Lately it seems as though The New York Times is making as many headlines as it is reporting. Here’s today’s addition.
GateHouse Media, a large publisher of community newspapers filed copyright infringement lawsuit against the New York Times Co., which is set to hit the courthouse this week. The suit claims that Boston.com (the website affiliated with the NYT Co.-owned Boston Globe) used online GateHouse material without permission
GateHouse claims Boston.com violates copyright and trademark laws by taking GateHouse’s newspaper headlines and lead sentences published on its “Wicked Local” Web sites. GateHouse alleges that Boston.com offers links that send readers directly to “Wicked Local” stories — bypassing ads posted on home pages that help fund its operation and creating confusion on the source of the original reporting.
The case is being closely watched because of its results could be potentially far-reaching (ahem Huffington Post!).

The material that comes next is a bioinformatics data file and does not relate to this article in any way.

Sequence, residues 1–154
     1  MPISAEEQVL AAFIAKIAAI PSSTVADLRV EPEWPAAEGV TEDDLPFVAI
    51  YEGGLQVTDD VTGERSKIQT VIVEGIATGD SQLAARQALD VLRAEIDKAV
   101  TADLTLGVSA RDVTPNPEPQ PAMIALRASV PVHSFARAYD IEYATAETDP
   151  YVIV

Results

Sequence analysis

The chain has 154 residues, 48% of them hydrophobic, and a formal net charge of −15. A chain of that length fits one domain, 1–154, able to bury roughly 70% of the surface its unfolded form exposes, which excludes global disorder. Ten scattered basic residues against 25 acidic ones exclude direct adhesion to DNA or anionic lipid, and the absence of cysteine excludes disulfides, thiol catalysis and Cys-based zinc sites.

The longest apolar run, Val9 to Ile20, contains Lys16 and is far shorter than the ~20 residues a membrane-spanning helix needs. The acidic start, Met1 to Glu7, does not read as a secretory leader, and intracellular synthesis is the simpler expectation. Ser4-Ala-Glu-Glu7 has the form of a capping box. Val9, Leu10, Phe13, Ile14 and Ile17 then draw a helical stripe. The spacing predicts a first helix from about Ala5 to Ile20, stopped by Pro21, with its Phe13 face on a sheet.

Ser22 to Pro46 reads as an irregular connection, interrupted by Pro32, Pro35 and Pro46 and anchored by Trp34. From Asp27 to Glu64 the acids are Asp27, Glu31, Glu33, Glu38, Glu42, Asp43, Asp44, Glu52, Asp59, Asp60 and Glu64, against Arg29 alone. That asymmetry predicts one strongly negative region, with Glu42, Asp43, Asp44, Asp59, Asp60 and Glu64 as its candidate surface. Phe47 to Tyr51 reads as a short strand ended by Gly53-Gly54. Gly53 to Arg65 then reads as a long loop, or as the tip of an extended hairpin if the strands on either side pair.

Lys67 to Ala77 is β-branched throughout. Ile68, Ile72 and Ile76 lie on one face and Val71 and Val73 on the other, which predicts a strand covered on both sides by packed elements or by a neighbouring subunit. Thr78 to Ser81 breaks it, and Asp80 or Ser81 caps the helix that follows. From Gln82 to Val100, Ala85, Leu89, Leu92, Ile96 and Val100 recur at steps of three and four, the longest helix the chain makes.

UPDATE: That was fast! Turns out they settled before getting to the courthouse. Details after the jump.
“It’s certainly being followed within the journalism community, but this is huge in new media and blogging because God help us if a judge or a jury starts to lay down rules as to what constitutes acceptable linking practices and what isn’t,” said Dan Kennedy, an assistant journalism professor at Northeastern University who has been blogging about the case on Media Nation.
Once again we suspect the clock is ticking on this whole “free content” as a business model experiment.
UPDATE: GateHouse Media Inc. will set up technical barriers preventing Boston.com, the Boston Globe’s website, from automated “scraping” of GateHouse content, and Boston.com has agreed to honor those barriers under a settlement disclosed this morning…There was no agreement by the Times Co. to stop using headlines and snippets from non-GateHouse stories it links to…As such, the settlement left unresolved the legal issue issue that drew the attention of news and technology companies, as well as Internet bloggers: whether news websites — especially aggregation sites, including Google News and Yahoo News — can continue with their current practice of posting headlines and lead sentences for stories they link to from other sites.